I am that rare person who was born and raised in Las Vegas. That's one reason I relish my job at UNLV's The Lincy Institute. The institute was founded through a major donation from the Lincy Foundation just three years ago. It is a central resource and research hub that helps local nonprofits tackle our community's qualityof- life issues in health, education, and social services.
One statistic stands out in particular because it affects every sector of community well-being: Nevada is dead last among the states in receiving federal grant funding. Our tax dollars do not come back to us in social services funding. In essence, we are subsidizing the services that residents in other states enjoy.
Why? In part, it has to do with our infrastructure lagging far behind growth. That is where The Lincy Institute comes in. Here's how we're helping:
Improving Grant Competitiveness
Sadly, Nevada has been leaving money on the table simply because we didn't have the data that other locales have at their fingertips. Under the leadership of resident scholar Fatma Nasoz, the institute has made information technology a priority and is building a data repository so nonprofit agencies don't have to go to six different sources just to complete an application. For example, a faculty-led collaborative is bringing together 22 agencies to substantiate the service gaps in our local mental health programming. We also recently helped the Child Advocacy Alliance acquire, for free, a data management system that would have cost the organization hundreds of thousands of dollars.
Shaping Agency Programming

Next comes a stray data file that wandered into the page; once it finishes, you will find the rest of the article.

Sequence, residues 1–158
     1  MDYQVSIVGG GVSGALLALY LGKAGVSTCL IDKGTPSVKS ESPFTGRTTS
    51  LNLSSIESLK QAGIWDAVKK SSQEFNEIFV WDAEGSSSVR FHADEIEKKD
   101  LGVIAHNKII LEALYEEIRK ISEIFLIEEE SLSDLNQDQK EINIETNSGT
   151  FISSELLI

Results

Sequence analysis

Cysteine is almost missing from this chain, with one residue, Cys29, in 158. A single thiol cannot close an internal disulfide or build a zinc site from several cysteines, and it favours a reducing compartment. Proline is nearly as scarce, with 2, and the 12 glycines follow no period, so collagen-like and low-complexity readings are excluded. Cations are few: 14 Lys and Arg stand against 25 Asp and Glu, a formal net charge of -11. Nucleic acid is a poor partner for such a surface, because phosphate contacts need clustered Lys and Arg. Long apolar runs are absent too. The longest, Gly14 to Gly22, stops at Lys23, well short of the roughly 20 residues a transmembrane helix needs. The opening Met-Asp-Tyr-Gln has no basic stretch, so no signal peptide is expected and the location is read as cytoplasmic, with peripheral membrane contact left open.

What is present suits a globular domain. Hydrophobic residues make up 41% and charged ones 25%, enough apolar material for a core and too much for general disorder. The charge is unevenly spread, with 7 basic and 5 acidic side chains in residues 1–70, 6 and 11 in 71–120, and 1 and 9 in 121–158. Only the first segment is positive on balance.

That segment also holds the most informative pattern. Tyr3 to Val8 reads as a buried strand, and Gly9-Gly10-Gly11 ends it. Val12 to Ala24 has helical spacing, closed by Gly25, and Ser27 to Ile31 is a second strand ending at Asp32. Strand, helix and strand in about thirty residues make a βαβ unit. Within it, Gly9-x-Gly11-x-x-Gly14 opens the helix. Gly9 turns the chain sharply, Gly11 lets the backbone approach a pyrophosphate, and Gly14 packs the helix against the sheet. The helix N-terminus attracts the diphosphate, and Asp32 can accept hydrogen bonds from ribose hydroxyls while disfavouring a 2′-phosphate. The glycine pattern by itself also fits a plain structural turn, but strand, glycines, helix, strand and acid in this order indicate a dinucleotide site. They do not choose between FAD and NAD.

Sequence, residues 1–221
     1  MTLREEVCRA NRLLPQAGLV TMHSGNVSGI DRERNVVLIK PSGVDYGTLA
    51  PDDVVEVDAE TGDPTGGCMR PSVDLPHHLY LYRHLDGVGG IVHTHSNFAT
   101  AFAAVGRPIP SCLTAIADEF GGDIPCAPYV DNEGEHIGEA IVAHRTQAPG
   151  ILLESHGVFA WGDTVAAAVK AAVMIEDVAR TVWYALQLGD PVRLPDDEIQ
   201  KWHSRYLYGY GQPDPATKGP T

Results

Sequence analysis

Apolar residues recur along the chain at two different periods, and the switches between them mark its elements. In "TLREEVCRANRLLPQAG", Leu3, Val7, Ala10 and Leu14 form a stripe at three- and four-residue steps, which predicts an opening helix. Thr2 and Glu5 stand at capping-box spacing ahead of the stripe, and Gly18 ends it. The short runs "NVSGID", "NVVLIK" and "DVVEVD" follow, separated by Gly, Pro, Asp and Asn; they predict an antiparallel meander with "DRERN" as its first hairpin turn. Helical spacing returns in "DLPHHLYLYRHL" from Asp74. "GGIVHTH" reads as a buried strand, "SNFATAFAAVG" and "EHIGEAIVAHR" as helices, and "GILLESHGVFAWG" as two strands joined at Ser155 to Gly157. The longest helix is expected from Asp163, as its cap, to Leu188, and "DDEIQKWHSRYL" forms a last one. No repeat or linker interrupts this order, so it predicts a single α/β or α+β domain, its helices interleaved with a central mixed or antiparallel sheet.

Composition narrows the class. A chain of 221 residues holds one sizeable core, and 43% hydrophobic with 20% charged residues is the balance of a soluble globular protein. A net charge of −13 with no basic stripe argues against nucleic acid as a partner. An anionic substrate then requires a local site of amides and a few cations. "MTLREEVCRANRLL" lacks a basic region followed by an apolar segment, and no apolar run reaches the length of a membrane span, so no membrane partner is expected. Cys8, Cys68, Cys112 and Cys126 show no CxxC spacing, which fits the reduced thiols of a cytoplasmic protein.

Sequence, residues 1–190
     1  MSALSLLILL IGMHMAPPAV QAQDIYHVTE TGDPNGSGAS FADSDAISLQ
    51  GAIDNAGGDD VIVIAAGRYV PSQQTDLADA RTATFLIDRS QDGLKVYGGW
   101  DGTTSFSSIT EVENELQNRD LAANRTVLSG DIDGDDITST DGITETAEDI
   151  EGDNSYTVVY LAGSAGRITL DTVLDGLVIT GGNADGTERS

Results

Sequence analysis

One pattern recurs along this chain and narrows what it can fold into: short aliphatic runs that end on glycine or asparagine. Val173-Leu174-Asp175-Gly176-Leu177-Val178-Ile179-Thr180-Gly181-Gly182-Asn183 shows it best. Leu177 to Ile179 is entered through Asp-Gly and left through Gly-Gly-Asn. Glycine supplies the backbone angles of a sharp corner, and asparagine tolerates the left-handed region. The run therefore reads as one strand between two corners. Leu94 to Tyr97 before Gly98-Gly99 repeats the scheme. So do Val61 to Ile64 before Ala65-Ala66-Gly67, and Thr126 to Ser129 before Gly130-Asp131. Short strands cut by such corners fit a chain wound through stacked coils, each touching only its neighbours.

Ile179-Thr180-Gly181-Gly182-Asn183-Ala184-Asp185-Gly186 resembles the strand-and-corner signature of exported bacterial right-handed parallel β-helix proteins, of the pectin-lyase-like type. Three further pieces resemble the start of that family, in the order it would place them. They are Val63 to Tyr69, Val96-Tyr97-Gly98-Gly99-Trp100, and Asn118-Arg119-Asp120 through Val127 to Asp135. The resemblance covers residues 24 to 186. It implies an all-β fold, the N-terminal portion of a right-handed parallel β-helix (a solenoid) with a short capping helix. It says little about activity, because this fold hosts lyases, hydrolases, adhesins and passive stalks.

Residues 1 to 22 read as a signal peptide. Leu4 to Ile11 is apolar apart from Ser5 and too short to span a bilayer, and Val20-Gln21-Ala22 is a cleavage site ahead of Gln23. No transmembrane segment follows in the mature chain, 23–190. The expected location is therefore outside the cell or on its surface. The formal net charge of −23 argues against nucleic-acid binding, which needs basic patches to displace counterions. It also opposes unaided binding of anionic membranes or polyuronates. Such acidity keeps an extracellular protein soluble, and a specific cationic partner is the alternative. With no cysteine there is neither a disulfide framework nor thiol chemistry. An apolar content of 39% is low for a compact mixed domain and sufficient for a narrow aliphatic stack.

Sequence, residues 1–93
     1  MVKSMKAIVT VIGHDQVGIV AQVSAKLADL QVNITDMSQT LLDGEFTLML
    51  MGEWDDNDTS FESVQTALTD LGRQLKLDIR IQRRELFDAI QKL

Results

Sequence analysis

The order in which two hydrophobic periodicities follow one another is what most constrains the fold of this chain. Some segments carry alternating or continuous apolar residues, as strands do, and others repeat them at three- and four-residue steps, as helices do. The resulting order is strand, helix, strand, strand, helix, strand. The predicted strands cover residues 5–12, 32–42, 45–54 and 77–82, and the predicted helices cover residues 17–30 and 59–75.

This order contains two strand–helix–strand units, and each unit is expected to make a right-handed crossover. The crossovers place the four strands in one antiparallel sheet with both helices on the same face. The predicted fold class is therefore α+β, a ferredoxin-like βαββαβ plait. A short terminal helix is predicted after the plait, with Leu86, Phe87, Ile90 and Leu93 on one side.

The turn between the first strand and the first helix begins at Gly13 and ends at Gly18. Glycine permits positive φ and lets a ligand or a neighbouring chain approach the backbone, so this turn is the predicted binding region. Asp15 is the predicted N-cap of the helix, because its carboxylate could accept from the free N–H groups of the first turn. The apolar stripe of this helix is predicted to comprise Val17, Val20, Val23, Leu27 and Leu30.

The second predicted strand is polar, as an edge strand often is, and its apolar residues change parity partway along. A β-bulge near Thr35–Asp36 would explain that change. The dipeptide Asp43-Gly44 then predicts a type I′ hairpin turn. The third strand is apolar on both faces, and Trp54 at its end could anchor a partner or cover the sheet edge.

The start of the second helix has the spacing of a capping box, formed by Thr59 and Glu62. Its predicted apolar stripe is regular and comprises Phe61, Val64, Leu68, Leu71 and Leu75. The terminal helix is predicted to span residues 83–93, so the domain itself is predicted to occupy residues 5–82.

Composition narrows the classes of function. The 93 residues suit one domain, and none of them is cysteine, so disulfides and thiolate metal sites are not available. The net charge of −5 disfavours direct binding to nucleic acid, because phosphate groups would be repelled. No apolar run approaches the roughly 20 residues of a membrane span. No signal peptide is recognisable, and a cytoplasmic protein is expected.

With better data and strategy help from The Lincy Institute, agencies are able to shift programming to achieve specific outcomes. A good example is the work we've done with the Clark County Department of Family Services. Two years ago we helped to forecast the money available out of Washington, D.C., to improve child well-being and assist foster youth with transition into adulthood.
Child well-being is one of those programming areas in which Nevada is struggling the most. Our efforts included co-writing a $2.5 million grant application in which we organized data to conceptualize the problem, articulated it on paper, and then proposed an innovative program model that established a new way of improving child well-being.
Bringing Better Data to Policymaking
Those of us working in social services, education, and health in the past understood the issues agencies faced, but to be honest, we often couldn't cite hard evidence. A good example is the need for resources for English language learners in our schools. This year, with the help of studies done by UNLV professors, Lincy scholar Sonya Horsford, and the Annenberg Institute at Brown University, we framed the issue by illustrating the broad impact of under-investment in education. An underdeveloped workforce is a consequence of inadequate educational support. When students are not prepared for employment they are not the only ones who suffer. Our local and state economy suffers. We use data and research to better inform the conversations that take place in Carson City, and the Legislature approved $50 million for ELL programs.
I could go on with countless examples of how the institute is using research to build vital local human service capacity and infrastructure. In fact, this summary does not even begin to scratch the surface of the impact that we are poised to make in the area of health under Marya Shegog, Lincy's director of health programs. While the full impact of The Lincy Institute won't be seen for years, I believe we're finally moving the needle. Past efforts have relied on consultants swooping in from out of state, making recommendations, and leaving town. With the community and the university's smart partnerships, Southern Nevada is tackling its own challenges.